When I arrived at Whole Foods with my grocery list in hand, I was in a light-hearted mood. I love shopping for food. The smell and touch of fresh vegetables gives me a buzz. Knowing that I can afford them gives me only a little guilt.
On the way to the store, listening to NPR, I heard angry denunciations of a woman who had confessed in an interview that she couldn’t’ afford Whole Foods any more and so had given up on organic food. Many listeners called her on the concatenation of Whole Foods with organic food, and several offered alternatives – grow it, for example, or go to your local farmer’s market. We do both – but I also love to shop at Whole Foods.
Now, I suspect that the Whole Foods store in Los Gatos, CA is not particularly representative of Whole Foods everywhere. Los Gatos is wildly affluent and wildly inconsistent in its values. When I get to feeling strange about the “green luxury” of Whole Foods in Los Gatos, I go down to the New Leaf in Boulder Creek, or to Wild Oats. But now Whole Foods has begun acquiring its competitors. I wonder if brand wisdom will keep New Leaf’s homespun green identity. Sure, the meat ain’t top-o’-the-rack, but the free-range tofu rocks – and the politics of the customers is way left, tie-dyed and comfy. It’s almost like going to meetin’, shopping at New Leaf in Boulder Creek. They sell Earth flags for only $19.99 (small size). And they sell crafts and stuff made by locals. They are unashamed in a town where hippies and fundamentalist Xtians live cheek by Bible and get along just fine at the grocery store.
But as I was saying before my brain so rudely interrupted, I was feeling fine turning into the Whole Foods parking lot before I realized that I had forgotten my green bags. Oh, damn. I thought - I don’t want to be one of those people who use paper bags like they were, well – disposable. That’s definitely a species of everyday evil. Get over it, I told myself. I saw a car backing out, stopped short of the space, and turned on my blinker. A Lexus SUV coming from the other direction was more than a little aggressive. The sole female driver muscled into the space by playing that old trick of “I’m not looking at you”. I demurred. My mellow was harshed, but not completely.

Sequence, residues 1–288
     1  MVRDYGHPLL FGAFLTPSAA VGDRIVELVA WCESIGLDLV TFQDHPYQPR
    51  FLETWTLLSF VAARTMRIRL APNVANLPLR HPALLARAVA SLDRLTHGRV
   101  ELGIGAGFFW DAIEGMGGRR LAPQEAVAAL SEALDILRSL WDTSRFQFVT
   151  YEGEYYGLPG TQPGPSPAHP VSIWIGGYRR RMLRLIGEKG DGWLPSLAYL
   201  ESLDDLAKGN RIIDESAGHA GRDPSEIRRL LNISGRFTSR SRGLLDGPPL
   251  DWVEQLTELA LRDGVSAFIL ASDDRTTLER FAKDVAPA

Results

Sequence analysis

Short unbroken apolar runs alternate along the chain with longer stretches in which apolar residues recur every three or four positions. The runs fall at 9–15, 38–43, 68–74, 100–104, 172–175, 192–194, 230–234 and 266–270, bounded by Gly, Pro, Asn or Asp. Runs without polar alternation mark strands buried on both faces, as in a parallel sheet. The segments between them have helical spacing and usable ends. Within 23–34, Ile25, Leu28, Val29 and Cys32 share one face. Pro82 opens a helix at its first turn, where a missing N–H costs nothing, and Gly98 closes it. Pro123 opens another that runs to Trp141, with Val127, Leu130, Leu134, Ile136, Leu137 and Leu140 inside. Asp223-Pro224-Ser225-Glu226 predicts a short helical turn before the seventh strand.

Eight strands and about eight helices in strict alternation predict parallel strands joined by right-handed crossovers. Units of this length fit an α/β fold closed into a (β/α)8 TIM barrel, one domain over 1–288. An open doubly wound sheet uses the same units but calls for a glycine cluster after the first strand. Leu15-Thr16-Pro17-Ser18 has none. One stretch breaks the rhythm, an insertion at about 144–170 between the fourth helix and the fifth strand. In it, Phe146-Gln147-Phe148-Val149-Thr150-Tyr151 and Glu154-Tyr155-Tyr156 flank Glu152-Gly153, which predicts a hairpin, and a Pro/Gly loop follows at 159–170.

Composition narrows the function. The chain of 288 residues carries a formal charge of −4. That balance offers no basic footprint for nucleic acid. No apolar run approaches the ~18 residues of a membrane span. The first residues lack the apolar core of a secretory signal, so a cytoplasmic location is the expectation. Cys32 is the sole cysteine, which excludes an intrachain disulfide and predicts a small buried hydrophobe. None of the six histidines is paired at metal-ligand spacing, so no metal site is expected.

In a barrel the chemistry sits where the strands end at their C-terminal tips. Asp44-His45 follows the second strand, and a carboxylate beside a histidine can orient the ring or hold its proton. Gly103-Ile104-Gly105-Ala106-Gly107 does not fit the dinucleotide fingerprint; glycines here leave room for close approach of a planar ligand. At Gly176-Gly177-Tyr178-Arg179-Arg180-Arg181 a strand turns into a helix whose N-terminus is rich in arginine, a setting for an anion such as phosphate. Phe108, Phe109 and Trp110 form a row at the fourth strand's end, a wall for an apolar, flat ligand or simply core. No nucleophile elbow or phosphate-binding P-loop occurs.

Money is tight, and I was resolved to shopping wisely. No excursions down the aisle where “whole world” scarves sell for $40, no expensive baby clothes, no $5 greeting cards. Just the food, ma’am. I got out with 4 days’ groceries and one bottle of wine for $116. Not bad.
As I was leaving, the parking lot had turned into something that reminded me of nothing so much as a melée of big fish in a too-small aquarium. 2 out of every 3 vehicles was a giant SUV. They were all jockeying around, trying to get a parking place, cutting one another off. A woman in an Escalade with cell phone to ear (soon to be illegal, praise be) nearly ran me down in my puny little Honda Hybrid – probably couldn’t even see me over that gigantic grille. What a bummer.
I decided to make a plea to Whole Foods. You seem to be the big fish in the organic food biz. You give credit to folks who bring their own bags. In fact, you played a huge role the remarkably swift adoption of bring-your-own-bag as hip. So, how about if you reward folks who bring them in a hybrid or bio-diesel car? Or people who actually have more than one person in that SUV? You’ve succeeded really well with both ideology and product, Whole Foods. You could use the power of your brand to do some green outreach to the parking lot. Just as the carbon footprint of an electric car doesn’t end at the plug, the kind of environmental responsibility you seen to promote doesn’t stop at your automatic doors.
And hey, Los Gatos, get a clue! I figured I’d have to blur out the license plate numbers in the cars in this photo, but three of them were so new they didn’t even have license plates yet! So what’s wrong with this picture?